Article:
Item description for Hello, Red Fox by Eric Carle...
Overview Guests at Little Frog's birthday party include the red fox, the purple butterfly, the orange cat, and other colorful animals
Publishers Description Mama Frog gets a big surprise when the guests arrive for Little Frog's birthday party: Red Fox looks green to her Orange Cat looks blue What has gone wrong? With the active help of the reader, Little Frog shows Mama Frog how to see the animals in their more familiar colors. Is it magic? No, it's a remarkable function of the human eye. As Little Frog demonstrates, anyone can do it. Small readers will enjoy taking part in the fun of changing the colors of the animals. And they will laugh at the effect they themselves can create at the end of the story when Mama Frog gives Little Frog an embarrassing birthday kiss Eric Carle believes that learning should be a joyful experience. In this imaginative book he invites young readers to discover complementary colors while enjoying the amusing story of Little Frog and his colorful friends.
Awards and Recognitions Hello, Red Fox by Eric Carle has received the following awards and recognitions -
Buckaroo Book Award - 2000-2001 Nominee - Children's category
Citations And Professional Reviews Hello, Red Fox by Eric Carle has been reviewed by professional book reviewers and journalists at the following establishments -
Hornbook Guide to Children - 07/01/1998
Publishers Weekly - 01/26/1998 page 91
Kirkus Review - Children - 02/01/1998 page 194
Booklist - 04/01/1998 page 1329
School Library Journal - 07/01/1998 page 71
Hornbook Guide to Children - 01/01/1998 page 270
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Studio: Simon & Schuster Children's Publishing
Est. Packaging Dimensions: Length: 10.6" Width: 10.62" Height: 0.36" Weight: 1.25 lbs.
Release Date Apr 1, 1998
Publisher Simon & Schuster
ISBN 0689817754 ISBN13 9780689817755
Availability 0 units.
More About Eric Carle
The secret of Eric Carle’s books’ appeal lies in his intuitive understanding of and respect for children, who sense in him instinctively someone who shares their most cherished thoughts and emotions.
The themes of his stories are usually drawn from his extensive knowledge and love of nature—an interest shared by most small children. Besides being beautiful and entertaining, his books always offer the child the opportunity to learn something about the world around them. It is his concern for children, for their feelings and their inquisitiveness, for their creativity and their intellectual growth that, in addition to his beautiful artwork, makes the reading of his books such a stimulating and lasting experience.
Eric Carle has received many distinguished awards and honours for his work, including, in 2003, the Laura Ingalls Wilder Award for his lifetime contribution to children's literature and illustration.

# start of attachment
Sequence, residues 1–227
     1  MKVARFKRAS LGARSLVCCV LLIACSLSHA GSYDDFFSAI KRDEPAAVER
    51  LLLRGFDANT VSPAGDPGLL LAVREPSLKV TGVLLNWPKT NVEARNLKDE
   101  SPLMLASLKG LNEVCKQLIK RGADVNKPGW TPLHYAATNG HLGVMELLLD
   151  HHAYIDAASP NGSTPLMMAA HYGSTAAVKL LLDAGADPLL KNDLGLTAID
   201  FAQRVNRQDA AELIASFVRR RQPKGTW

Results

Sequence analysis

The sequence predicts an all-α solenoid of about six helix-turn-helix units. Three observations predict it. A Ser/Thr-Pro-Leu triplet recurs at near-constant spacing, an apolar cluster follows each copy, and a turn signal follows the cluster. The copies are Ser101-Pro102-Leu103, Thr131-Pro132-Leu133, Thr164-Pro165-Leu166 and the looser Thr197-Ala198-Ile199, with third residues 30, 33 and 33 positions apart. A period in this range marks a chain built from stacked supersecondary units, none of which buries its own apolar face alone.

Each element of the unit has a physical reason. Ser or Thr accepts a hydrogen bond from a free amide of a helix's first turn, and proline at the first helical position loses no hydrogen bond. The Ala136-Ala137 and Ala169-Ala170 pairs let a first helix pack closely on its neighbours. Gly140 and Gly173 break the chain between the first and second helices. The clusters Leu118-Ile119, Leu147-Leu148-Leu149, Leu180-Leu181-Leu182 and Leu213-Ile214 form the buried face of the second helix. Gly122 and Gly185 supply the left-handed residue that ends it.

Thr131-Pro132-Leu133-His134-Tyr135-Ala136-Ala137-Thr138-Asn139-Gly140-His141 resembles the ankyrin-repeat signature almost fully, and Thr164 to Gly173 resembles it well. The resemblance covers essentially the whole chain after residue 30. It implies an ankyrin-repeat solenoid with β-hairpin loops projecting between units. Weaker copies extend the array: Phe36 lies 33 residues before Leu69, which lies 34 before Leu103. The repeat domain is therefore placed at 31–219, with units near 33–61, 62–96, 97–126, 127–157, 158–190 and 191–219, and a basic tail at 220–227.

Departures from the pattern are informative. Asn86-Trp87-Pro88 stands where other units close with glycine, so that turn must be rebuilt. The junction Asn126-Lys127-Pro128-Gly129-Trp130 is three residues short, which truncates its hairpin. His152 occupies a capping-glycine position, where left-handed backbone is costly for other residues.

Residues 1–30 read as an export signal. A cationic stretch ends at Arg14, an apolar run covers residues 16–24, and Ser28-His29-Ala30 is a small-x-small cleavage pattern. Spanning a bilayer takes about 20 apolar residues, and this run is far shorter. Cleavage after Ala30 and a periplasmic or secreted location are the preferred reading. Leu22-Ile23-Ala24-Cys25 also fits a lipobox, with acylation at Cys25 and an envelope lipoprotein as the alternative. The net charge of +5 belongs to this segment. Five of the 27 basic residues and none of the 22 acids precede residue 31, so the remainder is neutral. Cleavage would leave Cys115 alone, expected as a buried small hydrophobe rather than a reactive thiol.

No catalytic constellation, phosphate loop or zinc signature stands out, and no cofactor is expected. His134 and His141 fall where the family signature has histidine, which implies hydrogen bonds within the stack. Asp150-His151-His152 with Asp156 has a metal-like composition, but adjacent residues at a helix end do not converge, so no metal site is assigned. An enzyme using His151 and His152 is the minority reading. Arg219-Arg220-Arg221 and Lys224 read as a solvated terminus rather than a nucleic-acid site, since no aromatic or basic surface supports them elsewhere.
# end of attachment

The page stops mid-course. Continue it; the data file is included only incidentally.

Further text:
Carle says: “With many of my books I attempt to bridge the gap between the home and school. To me home represents, or should represent; warmth, security, toys, holding hands, being held. School is a strange and new place for a child. Will it be a happy place? There are new people, a teacher, classmates—will they be friendly?
I believe the passage from home to school is the second biggest trauma of childhood; the first is, of course, being born. Indeed, in both cases we leave a place of warmth and protection for one that is unknown. The unknown often brings fear with it. In my books I try to counteract this fear, to replace it with a positive message. I believe that children are naturally creative and eager to learn. I want to show them that learning is really both fascinating and fun.”
Eric Carle has two grown-up children, a son and a daughter. With his wife Barbara, he divides his time between the Florida Keys and the hills of North Carolina.
Eric Carle es el creador de mas de setenta libros ilustrados para ninos.
Nacio en Syracuse, Nueva York, pero a los seis anos de edad se traslado con sus padres a Alemania. En 1952, tras graduarse de la prestigiosa Akademie der Bildenden Kunste de Stuttgart, logro cumplir su sueno de regresar a Nueva York.
Ha recibido muchos e importantes premios y distinciones, entre ellos el Laura Ingalls Wilder Award en 2003, por su aportacion global a la literatura y a la ilustracion infantil.
En 2002, cincuenta anos despues de su regreso a los Estados Unidos, se inauguro en Amherst, Massachusetts, el Museo Eric Carle de Libros Ilustrados, donde se exhibe, ademas de la obra completa de Eric Carle, un buen numero de originales de los mas destacados ilustradores de libros infantiles del mundo entero.
Eric Carle currently resides in New York. Eric Carle was born in 1929.
Reviews - What do customers think about Hello Red Fox?